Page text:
This is where experience comes into play, and practice will be important: Figuring out which surfaces are gonna hold, and which are going to slip. Having 15 years of experience rock climbing, my knowledge of slippery rock is pretty solid. My buddy, a downhill mountain bike racer on Vancouver’s North Shore, is a master of riding slippery roots. Me, I just fear them. But experience hiking / climbing / scrambling has gone a long way toward knowing what foot placements to trust, and which to skim over like ice.
I’ve observed that on rocks that people usually tend to step on the “flat” parts. Don’t be afraid to step on the very tops of rocks. Often the “peak” is going to grip the best, rather than the smooth flat faces. Look for rougher sections, not smooth ones. Hard to describe without being in front of you, but you’d be surprised what kind of subtle mistakes in foot placements most people make. Try things out and see. Or start rock climbing.
5. Choose your line
Mountain biking gives us our next tip: first, we want to choose a line that is as fast and straight as possible. I’ve started doing this in all my trail running, but in downhill it’s even more important. Run as straight as possible! Look for the next corner, or the corner after, and try to run straight through them. Don’t dodge rocks or roots by lunging left and right, don’t round corners wide to skip uneven terrain – you are not a race car or a mountain bike with limited grip, so to shorten your run, hug the corners. That being said, taking sharp corners wide, on downhills especially, will help keep your speed up by reducing the direction changes that your heavy body has to make. Turning is very tiring.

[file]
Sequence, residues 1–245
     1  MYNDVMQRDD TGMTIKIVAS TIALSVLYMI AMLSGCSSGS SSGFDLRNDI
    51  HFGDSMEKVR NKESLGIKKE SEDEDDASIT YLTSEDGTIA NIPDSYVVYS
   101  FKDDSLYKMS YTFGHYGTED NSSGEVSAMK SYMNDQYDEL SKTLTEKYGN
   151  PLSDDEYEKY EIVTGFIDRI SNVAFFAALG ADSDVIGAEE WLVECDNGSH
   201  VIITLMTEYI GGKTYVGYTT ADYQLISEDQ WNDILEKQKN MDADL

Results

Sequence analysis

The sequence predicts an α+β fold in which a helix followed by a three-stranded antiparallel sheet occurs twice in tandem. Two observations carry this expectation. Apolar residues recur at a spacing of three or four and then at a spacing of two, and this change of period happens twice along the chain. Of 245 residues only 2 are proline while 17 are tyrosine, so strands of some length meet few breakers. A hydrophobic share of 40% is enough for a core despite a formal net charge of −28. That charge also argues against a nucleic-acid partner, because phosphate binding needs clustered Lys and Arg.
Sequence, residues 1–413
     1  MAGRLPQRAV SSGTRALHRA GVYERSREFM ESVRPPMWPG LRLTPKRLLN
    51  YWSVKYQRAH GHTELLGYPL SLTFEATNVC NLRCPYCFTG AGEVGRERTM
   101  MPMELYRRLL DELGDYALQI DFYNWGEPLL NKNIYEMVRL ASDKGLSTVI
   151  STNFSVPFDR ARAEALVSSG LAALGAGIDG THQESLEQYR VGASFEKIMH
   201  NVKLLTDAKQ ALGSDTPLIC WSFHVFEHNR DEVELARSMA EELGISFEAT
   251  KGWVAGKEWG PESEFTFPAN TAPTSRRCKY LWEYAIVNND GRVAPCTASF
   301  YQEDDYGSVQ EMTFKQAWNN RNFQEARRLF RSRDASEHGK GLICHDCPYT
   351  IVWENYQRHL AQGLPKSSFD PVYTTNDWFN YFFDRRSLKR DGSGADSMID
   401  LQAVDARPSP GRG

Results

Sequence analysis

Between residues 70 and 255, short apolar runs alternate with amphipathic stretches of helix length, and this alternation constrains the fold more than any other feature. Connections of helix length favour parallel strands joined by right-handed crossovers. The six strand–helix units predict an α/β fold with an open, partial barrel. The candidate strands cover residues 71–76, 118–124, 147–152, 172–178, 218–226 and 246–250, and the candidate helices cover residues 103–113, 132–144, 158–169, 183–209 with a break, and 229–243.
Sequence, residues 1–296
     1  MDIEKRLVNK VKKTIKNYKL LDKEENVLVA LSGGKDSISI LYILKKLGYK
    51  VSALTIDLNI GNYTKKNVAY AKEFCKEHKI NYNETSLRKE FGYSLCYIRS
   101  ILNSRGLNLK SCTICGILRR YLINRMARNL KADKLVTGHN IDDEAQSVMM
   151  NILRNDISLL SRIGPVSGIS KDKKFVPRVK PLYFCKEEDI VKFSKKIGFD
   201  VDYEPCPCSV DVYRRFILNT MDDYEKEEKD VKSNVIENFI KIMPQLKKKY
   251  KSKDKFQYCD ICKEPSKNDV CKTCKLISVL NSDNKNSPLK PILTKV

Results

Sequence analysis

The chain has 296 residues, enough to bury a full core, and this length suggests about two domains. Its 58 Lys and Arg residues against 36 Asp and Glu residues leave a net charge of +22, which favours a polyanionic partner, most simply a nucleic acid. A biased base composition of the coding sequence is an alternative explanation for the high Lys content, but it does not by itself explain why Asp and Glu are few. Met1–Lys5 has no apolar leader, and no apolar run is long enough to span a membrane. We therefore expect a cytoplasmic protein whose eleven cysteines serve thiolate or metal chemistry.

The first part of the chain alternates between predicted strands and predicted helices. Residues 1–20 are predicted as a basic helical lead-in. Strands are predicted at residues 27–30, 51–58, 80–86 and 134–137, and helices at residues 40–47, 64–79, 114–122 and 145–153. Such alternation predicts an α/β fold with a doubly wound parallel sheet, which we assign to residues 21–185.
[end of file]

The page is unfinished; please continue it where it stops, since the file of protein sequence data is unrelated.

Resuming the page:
It may seem counter-intuitive to not avoid obstacles, but if you run straight through, you actually have to do less work. With your exhausted brain and reduced mental acuity, you don’t want to be bouncing all over looking for the flattest landings and smoothest dirty – that is when ankles are going to roll. Plus you’re wasting energy running side to side. Obviously this is going to depend hugely on the terrain, slope and situation, but in general try to skip lightly over rough sections if it means keeping a nice, straight line.
Tim (the downhill rider) adds: “Make a mental map of where you’re going to go, and in your case, a general plan of where your feet are going land. On a bike, I imagine where my tires are going to go and what they’re going to be in contact with, where will they slide to, when I should weight and unweight the bike. I suppose you can’t really do much with weight in running, but the principle is similar.”
6. Eyes on the prize
Another mountain biking tip: Look where you want to go, not at what you’re trying to avoid. If you’re a skier, you’ve seen this a million times: a beginner with a wide open mountain ahead of him somehow, miraculously, hits the one other person on the hill. This is because your body follows your eyes. Look where you want to go. That means staring straight head at those corners, looking at the foot placements, etc. Not staring at the roots or the rocks or the huge puddle. A subtle change, but a huge difference.